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COAL MINE FATALITY - On October 11, 2010, a 56 year old roof bolting machine operator with 31 years mining experience was killed in a roof fall. The victim was standing beside the roof bolting machine when a portion of a rock brow fell from between the roof bolts and struck him. The rock was approximately 6 feet long and 3 feet wide, and varied in thickness from approximately 7 inches, up to 24 inches.

Photo of Accident Scene Described in the Paragraph Above

Best Practices

  • Remain alert for changing roof conditions, and remove hazards immediately.
  • Roof brows that are created by a sudden change in mining height can create unsafe roof conditions and may require removal and/or additional roof support.
  • Know and always follow your Approved Roof Control Plan.
  • Don't leave freshly cut roof unbolted for long periods of time.
  • Use roof screen, large roof bolt plates, or other surface controls to prevent rocks from falling between supports.
  • Train all miners to identify unsafe roof conditions that are encountered daily.
  • Conduct thorough examinations in areas where miners will work or travel before and after work is completed.
  • Please see the following information related to roof bolter safety in the following links:
  • MSHA - Safety Targets Program - Roof and Rib Falls (Coal)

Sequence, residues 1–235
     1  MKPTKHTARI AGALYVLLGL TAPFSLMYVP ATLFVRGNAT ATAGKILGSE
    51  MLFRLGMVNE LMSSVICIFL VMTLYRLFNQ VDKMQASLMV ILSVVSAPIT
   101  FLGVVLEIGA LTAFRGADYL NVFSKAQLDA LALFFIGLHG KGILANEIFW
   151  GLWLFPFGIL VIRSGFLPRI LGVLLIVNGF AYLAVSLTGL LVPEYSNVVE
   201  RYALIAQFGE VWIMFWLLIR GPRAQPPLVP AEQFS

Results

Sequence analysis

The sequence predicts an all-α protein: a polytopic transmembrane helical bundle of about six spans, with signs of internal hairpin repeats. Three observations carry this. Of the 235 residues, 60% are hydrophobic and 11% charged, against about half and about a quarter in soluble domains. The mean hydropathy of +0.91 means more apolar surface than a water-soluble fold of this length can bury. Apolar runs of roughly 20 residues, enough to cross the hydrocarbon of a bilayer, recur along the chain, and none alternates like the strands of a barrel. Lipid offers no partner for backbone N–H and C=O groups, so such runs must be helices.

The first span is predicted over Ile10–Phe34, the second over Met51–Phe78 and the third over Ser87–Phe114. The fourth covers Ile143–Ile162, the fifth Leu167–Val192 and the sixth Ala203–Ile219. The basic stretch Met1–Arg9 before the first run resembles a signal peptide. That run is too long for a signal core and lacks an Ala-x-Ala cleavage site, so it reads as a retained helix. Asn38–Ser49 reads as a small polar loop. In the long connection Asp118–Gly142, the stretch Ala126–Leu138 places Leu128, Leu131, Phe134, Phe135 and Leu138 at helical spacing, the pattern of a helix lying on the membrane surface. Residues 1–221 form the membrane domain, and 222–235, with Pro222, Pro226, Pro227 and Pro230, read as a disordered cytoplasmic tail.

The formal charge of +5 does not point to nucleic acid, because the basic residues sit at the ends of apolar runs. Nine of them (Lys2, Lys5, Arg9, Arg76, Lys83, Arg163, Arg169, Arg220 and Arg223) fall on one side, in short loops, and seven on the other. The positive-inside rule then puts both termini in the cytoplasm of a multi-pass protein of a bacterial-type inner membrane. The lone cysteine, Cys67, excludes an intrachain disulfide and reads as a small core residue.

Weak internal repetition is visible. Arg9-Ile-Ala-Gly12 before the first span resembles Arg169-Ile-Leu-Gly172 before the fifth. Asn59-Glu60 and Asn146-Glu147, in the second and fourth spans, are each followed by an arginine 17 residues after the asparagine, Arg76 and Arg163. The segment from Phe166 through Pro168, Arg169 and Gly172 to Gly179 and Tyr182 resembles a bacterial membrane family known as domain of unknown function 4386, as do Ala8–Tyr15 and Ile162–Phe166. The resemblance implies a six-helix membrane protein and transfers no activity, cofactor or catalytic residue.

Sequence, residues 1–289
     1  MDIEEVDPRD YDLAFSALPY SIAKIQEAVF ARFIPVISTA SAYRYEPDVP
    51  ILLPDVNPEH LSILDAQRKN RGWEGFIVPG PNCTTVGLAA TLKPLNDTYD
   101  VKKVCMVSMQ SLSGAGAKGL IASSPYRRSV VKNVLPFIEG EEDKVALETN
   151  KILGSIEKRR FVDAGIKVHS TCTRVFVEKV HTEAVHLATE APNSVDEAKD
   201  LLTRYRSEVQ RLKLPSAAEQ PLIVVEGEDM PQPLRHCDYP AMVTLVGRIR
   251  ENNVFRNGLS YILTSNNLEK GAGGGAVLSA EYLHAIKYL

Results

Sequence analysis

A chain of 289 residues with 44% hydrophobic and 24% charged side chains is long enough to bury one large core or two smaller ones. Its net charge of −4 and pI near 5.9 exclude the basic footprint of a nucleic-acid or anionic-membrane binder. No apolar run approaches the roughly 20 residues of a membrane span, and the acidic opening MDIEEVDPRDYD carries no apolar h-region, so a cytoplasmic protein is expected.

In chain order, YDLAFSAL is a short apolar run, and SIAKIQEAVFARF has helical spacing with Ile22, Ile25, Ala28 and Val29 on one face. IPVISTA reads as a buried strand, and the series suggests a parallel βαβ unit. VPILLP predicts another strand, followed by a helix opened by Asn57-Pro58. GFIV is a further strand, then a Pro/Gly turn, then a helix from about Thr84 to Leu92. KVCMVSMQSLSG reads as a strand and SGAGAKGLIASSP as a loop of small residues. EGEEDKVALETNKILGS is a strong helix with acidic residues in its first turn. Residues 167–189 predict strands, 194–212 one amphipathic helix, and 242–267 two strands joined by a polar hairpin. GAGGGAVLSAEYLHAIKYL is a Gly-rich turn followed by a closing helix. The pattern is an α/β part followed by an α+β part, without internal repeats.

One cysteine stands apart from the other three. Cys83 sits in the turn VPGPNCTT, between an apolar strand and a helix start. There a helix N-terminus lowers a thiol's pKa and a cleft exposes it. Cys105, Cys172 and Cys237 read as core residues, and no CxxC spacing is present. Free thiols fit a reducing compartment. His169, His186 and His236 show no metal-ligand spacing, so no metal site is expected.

• MSHA - Safety Targets Program - Roof Bolter Safety
  • More Information E-mail Suggestion for Accident Prevention Program Submit your own suggestion for a remedy to prevent this type of accident in the future.
    Please specify if you wish your submission to be anonymous or whether your name may be used. Please include the year of the fatality and the fatality number.

    This is the 45th fatality reported during calendar year 2010 in the coal mining industry. As of this date in 2009, there were 13 fatalities reported in coal mining. This is the 3rd fatality classified as Fall of Roof in 2010. At this time in 2009, there was 1 fatality in this classification.

    The information provided in this notice is based on preliminary data ONLY and does not represent final determinations regarding the nature of the incident or conclusions regarding the cause of the fatality.

    For more information:
    Fatal Alert Bulletin Icon MSHA's Fatal Accident Investigation Report